Those of us with non-English speaking immigrant ancestors are sometimes dismayed by the small amount of genealogical information found on them in local newspapers. One way to potentially overcome this problem is to utilize American newspapers in your ancestor's native language. Many large (and sometimes not so large) cities with substantial immigrant populations had newspapers printed in the immigrant's native language. Ignoring these papers could result in significant information being overlooked.
Why Use Them? It might have been that the only people who "cared" that your ancestor died, married, etc. were fellow natives of his or her home country. An ethnic newspaper may include more details about your ancestor than the local English-language paper.
When Antje Fecht died near Carthage, Illinois, in 1900, there was no obituary in the local weekly paper. Not even a one-line death notice. Her obituary in a German language newspaper was fairly detailed and included her date and place of birth, information on her immigration, and the Bible text from which the funeral sermon was given.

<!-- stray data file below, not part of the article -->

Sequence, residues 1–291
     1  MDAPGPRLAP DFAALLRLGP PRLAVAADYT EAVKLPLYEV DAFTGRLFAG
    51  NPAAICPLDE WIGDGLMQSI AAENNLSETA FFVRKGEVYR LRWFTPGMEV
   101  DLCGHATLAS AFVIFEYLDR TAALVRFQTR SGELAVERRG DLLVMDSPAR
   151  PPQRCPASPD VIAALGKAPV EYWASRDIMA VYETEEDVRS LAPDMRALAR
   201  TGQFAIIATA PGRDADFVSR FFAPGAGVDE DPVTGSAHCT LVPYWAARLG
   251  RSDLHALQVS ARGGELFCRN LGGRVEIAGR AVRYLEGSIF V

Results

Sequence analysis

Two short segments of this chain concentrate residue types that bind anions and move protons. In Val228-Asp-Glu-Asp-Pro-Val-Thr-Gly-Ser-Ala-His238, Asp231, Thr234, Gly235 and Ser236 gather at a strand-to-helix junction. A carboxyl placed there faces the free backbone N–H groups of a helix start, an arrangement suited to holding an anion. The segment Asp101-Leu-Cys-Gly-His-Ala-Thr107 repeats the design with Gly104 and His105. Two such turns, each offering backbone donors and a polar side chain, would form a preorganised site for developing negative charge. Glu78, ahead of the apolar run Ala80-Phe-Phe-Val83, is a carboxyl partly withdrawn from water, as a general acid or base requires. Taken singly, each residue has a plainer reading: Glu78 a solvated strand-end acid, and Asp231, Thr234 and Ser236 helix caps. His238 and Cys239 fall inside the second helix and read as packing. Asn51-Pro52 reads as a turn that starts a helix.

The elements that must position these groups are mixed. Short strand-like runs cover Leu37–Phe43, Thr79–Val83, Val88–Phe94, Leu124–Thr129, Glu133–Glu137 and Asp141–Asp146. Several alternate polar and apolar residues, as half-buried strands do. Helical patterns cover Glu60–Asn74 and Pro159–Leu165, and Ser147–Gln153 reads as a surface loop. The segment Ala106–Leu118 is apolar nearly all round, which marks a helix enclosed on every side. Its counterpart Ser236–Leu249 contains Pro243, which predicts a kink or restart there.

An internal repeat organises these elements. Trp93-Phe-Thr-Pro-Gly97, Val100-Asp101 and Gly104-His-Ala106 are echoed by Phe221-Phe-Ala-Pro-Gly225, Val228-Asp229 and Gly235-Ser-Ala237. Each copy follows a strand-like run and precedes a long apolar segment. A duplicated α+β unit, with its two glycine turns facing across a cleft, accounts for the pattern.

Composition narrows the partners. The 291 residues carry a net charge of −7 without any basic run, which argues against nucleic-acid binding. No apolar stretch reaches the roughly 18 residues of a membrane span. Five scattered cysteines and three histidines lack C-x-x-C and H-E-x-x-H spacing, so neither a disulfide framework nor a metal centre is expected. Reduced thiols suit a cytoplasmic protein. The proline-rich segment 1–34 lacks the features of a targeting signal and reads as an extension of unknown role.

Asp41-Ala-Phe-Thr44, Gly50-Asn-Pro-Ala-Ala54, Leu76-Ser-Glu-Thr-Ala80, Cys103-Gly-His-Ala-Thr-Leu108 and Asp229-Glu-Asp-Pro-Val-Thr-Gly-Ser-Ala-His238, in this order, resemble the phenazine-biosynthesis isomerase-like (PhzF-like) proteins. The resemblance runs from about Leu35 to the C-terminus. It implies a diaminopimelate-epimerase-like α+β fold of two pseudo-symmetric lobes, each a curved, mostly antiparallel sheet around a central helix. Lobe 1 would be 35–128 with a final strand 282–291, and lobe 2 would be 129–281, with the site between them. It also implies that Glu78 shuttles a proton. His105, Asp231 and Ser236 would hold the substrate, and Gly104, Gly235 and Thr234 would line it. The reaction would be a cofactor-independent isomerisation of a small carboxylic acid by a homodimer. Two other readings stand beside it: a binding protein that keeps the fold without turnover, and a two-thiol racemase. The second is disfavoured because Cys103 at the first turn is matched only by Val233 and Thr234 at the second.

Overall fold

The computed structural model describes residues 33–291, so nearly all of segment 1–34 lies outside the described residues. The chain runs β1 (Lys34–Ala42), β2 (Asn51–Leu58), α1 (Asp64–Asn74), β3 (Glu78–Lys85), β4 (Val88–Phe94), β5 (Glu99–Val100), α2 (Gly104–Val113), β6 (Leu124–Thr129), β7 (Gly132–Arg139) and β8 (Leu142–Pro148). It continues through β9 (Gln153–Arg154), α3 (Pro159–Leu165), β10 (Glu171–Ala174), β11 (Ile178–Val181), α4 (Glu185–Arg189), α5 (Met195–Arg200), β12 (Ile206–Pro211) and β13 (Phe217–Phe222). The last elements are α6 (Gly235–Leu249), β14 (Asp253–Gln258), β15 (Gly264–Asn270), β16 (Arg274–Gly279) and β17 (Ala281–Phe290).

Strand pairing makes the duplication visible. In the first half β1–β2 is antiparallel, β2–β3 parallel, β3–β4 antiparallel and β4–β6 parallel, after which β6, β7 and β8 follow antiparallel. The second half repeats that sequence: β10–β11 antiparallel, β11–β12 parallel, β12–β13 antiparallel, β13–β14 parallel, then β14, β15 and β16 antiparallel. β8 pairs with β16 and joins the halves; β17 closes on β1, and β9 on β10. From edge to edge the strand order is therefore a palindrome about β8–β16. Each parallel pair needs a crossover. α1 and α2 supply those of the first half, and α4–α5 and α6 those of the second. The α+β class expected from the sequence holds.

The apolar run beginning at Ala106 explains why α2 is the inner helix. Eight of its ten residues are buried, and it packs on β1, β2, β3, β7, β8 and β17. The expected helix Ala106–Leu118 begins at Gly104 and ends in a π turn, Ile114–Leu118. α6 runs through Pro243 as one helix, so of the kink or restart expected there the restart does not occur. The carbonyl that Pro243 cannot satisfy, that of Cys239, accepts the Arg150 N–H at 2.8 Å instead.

Louise Mortier's 1921 obituary in the Gazette van Moline (a Flemish language paper published in Moline, Illinois) provided her exact village of birth in Belgium, but did not mention her first name, only listing her as Mrs. August Mortier.
Why the extra details in an ethnic newspaper? Because the readers knew the area and usually shared a heritage, fellow Belgians reading the Gazette van Moline would want to know where in Belgium she was born. Readers of the English-language paper were not as familiar with the country and not as likely to care.
Learning About the PapersThere are many ways one can learn about...
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